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I have this output:

1024x768       75.0     70.1     60.0

How can i sed it to only print



By the way, anyone can give some documentations for the Sed? I need to learn how to use this.

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up vote 2 down vote accepted

Strip Everything Starting with Whitespace

Use a POSIX character class to strip everything after the whitespace with sed. For example:

$ echo '1024x768       75.0     70.1     60.0' | sed 's/[[:space:]]\+.*//'

Use Awk Instead

While you could use sed, the problem is much nicer to solve in awk because of its native field-splitting. For example:

$ echo '1024x768       75.0     70.1     60.0' | awk '{print $1}'
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That was my first thought but OP did ask for sed... I was quite conflicted to give what I considered the "wrong" answer, so thanks for providing the alternative. – Floris Mar 2 '13 at 23:52
After your edit your answer deserves the upvote. But why is there a backslash before the + sign? – Floris Mar 3 '13 at 0:06
@Floris With some seds, unless you use --regexp-extended you'll need to escape the + to use it as a matching expression rather than a literal character. – CodeGnome Mar 3 '13 at 1:46
Thanks for clarifying. I guess I am spoilt with the version I use... Need to become aware of "how the other side seds". – Floris Mar 3 '13 at 1:52
The + sign is useless, as followed by .* there is no matter if there is another space or not. So s/[[:space:]].*$// would suffer (or s/\s.*$// ;-) . – F. Hauri Mar 6 '13 at 22:17

when I need to extract strings from text, grep comes up first:

grep -o '^[^ ]*'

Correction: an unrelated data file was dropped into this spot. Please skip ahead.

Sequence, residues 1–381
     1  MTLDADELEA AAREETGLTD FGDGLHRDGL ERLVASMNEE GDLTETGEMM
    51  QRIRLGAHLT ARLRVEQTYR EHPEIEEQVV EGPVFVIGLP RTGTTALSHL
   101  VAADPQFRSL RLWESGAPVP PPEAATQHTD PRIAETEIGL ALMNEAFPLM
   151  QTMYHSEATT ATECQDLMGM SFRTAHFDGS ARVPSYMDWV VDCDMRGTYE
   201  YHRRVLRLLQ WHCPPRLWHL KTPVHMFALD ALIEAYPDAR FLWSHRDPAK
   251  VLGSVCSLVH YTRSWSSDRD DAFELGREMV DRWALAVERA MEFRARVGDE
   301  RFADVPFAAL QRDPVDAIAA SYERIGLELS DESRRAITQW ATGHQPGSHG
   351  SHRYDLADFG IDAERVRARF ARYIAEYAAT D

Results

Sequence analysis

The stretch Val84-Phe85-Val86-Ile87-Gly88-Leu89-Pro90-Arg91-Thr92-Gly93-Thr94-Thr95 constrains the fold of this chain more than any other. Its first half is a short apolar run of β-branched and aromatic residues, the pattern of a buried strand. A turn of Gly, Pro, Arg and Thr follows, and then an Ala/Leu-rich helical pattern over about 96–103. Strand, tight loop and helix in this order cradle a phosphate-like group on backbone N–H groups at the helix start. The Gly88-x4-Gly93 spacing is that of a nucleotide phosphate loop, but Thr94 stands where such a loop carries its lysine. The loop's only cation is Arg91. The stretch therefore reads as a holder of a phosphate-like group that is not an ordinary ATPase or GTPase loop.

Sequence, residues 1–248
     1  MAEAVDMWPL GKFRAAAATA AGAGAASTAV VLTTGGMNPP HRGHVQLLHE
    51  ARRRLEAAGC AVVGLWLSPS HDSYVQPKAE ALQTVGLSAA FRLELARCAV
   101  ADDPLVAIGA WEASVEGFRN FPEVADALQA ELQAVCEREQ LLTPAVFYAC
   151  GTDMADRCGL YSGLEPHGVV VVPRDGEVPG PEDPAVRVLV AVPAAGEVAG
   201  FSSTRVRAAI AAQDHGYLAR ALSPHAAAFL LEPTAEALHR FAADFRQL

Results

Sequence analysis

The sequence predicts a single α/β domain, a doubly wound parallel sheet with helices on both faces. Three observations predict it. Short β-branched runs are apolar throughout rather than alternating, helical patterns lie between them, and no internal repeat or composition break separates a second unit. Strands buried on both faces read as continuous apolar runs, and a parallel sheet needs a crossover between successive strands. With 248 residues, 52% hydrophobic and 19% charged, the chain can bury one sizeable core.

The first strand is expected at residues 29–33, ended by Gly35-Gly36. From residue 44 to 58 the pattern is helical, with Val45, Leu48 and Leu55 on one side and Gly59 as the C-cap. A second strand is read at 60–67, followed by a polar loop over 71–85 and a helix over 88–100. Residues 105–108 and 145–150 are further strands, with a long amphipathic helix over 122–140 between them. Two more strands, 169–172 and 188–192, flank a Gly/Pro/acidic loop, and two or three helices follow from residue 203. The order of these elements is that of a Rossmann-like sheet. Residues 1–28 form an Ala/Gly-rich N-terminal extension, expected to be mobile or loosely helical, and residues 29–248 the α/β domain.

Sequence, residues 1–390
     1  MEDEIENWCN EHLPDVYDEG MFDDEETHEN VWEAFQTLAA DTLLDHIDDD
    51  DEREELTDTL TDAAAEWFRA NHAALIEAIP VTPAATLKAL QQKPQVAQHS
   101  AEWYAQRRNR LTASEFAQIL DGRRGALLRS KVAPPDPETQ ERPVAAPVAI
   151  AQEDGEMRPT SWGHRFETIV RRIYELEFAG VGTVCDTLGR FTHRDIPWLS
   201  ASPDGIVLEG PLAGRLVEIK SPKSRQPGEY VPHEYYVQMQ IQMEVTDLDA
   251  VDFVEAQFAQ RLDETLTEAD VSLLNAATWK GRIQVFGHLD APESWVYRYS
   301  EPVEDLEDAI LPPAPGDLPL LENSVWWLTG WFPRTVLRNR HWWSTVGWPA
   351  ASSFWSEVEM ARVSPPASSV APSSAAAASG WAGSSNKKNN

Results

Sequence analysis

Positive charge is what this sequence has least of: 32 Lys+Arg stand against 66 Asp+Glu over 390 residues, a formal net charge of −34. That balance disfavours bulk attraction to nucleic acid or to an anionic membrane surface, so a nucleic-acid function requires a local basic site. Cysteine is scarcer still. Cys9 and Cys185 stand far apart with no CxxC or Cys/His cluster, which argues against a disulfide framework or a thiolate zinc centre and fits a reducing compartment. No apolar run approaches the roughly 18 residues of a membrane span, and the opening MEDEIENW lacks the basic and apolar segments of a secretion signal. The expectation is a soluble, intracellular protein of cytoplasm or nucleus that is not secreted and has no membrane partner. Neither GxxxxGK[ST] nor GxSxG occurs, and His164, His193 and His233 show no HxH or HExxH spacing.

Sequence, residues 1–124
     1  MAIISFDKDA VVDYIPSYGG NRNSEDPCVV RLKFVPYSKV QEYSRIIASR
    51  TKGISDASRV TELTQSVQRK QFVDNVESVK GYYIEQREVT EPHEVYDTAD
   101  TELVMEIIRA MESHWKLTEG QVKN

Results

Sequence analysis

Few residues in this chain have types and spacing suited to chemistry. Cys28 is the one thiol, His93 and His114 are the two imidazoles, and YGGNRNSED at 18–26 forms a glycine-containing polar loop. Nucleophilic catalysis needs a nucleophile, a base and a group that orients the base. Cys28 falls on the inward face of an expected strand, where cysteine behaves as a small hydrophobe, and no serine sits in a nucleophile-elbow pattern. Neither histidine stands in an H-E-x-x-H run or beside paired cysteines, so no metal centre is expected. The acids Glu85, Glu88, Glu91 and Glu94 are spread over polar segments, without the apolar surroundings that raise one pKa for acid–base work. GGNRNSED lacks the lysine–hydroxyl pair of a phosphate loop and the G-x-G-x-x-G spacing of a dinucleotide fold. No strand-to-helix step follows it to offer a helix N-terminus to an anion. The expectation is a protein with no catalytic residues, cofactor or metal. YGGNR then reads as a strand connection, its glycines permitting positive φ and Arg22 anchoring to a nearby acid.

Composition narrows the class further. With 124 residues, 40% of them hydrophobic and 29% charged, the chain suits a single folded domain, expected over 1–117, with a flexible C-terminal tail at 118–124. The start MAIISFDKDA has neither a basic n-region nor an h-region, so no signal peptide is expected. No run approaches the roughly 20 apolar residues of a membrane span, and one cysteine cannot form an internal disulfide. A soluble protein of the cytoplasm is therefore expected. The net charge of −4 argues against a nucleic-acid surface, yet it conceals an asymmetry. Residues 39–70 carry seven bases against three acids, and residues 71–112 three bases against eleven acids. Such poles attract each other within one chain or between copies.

with your data:

kent$  echo "1024x768       75.0     70.1     60.0"|grep -o '^[^ ]*'
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You could process your line with

sed 's/\s.*$//'

"Find everything after the first white space and replace with nothing"

As was pointed out in the comments,, the \s shorthand doesn't work in all versions of sed, and the $ sign is superfluous; you could use sed 's/[\t ].*// to be more generally applicable. "Find everything after the first tab or space, and remove it".

Of course I am guessing a little bit about the "general case" of the string you want to strip... Your question seemed to imply you wanted to remove all numbers with dots in them, which would be a different expression, like this:

sed 's/[0-9]+\.[0-9]+//g'

"Replace a block of test that starts with any combination of the numbers zero through nine, followed by a dot, followed by another group of at least one digit, with nothing"

For good sed documentation see

awk is probably the better tool in this instance though ( see codegnome's answer)

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You don't need to anchor the expression with the dollar sign since .* is greedy. Also, not all versions of sed support the PCRE-compatible \s notation. – CodeGnome Mar 2 '13 at 23:52

This might work for you (GNU sed):

sed -r 's/\s*([0-9]+)?\.[0-9]+\s*//g;/./!d' file

This deletes any decimal numbers and surrounding white space. If nothing remains in the line it deletes the empty line as well.

See here for a wealth of sed material.

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